BARBARA GUTFREUND ARFA CONFERENCE

Our annual Barbara Gutfreund Arfa Professional Development Conference on Holocaust Education provides educators with innovative resources and techniques to teach students about the Holocaust. We also highlight educational resource materials developed by the International School for Holocaust Studies of Yad Vashem.

The Conference’s impact is effective and dramatic: over its 22 year history, the Conference, through its thousands of participants, has touched more than 100,000 students. In 2019, over 190 educators attended the Conference, which was organized by Marlene Warshawski Yahalom, PhD, Director of Education of the American Society. The Conference represents a continued collaborative effort among the American Society, the Association of Teachers of Social Studies of the United Federation of Teachers, the Educators’ Chapter of the UFT Jewish Heritage Committee, and the School of Education of Manhattanville College.

For the Conference and its other educational works, the American Society received the 2015 President’s Award for its contributions to social studies education nationally. The award commends the American Society for implementing best educational practices in using documents, inquiry, critical thinking and action for studying the Holocaust. The Conference is one of many educational programs developed by the American Society for Yad Vashem.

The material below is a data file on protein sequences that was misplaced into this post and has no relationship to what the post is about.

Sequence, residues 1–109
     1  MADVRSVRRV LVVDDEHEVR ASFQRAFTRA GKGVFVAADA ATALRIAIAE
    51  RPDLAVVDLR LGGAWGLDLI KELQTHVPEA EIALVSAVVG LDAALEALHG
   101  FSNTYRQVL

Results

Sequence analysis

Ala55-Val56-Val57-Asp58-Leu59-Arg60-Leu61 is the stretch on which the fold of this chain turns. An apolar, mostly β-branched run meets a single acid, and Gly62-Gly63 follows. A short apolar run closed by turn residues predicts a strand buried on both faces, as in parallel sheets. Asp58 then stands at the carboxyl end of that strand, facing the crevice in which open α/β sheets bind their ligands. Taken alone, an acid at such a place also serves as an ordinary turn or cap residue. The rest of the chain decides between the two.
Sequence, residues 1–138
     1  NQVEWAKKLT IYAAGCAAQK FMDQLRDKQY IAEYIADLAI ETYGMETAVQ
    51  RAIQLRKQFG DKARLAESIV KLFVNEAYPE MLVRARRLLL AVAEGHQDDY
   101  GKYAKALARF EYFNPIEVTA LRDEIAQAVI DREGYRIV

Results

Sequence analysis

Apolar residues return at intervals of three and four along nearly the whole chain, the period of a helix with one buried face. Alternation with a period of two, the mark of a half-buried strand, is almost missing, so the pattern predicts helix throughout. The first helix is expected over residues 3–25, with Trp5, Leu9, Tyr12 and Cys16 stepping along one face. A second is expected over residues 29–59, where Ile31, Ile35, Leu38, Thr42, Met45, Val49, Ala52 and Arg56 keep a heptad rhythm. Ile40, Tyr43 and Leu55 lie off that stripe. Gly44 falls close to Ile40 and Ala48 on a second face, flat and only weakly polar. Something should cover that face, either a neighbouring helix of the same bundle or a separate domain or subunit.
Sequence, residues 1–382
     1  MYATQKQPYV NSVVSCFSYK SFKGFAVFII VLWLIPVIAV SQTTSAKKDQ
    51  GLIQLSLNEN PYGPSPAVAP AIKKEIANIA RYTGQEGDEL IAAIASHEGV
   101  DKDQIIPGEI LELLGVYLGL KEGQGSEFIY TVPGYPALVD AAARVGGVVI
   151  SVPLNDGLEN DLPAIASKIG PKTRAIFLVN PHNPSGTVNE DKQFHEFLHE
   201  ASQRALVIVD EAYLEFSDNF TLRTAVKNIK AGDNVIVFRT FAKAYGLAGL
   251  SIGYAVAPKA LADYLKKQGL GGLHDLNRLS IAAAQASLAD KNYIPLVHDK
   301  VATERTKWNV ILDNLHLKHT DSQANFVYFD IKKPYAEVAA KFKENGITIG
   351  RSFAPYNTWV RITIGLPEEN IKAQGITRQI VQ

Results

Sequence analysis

The Conference is named in memory of Barbara Gutfreund Arfa, z’l, a longstanding supporter of the American Society. It is sponsored by the Barbara Gutfreund Arfa Endowment Fund for Holocaust Education, which was created by Harvey Arfa and Caroline and Morris Massel as a tribute to Barbara Arfa’s commitment to Holocaust education.  It sponsors the Conference and other important educational initiatives.

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Workshops

How to Read Between the Lines: Classroom Strategies for the Information Age

This workshop will identify patterns of propaganda as a tool to manipulate public opinion and social behavior. Participants will explore the role of propaganda in the Holocaust and the resurgence of such trends in the Modern world. Strategies for classroom use and project-based learning will be introduced.

A GRANDFATHER’S TALE: HOW TO DOCUMENT HISTORY
This workshop introduces educators to the use of qualitative research methods to record family histories. Research tools and data sources include face-to-face interviews, personal journals, testimonials and online search engines. Participants will learn how the author, a grandchild of Holocaust survivors, turned her grandfather’s testimony into a bestselling book, written as a gift to her grandfather and a valuable educational resource entitled What Papa Told Me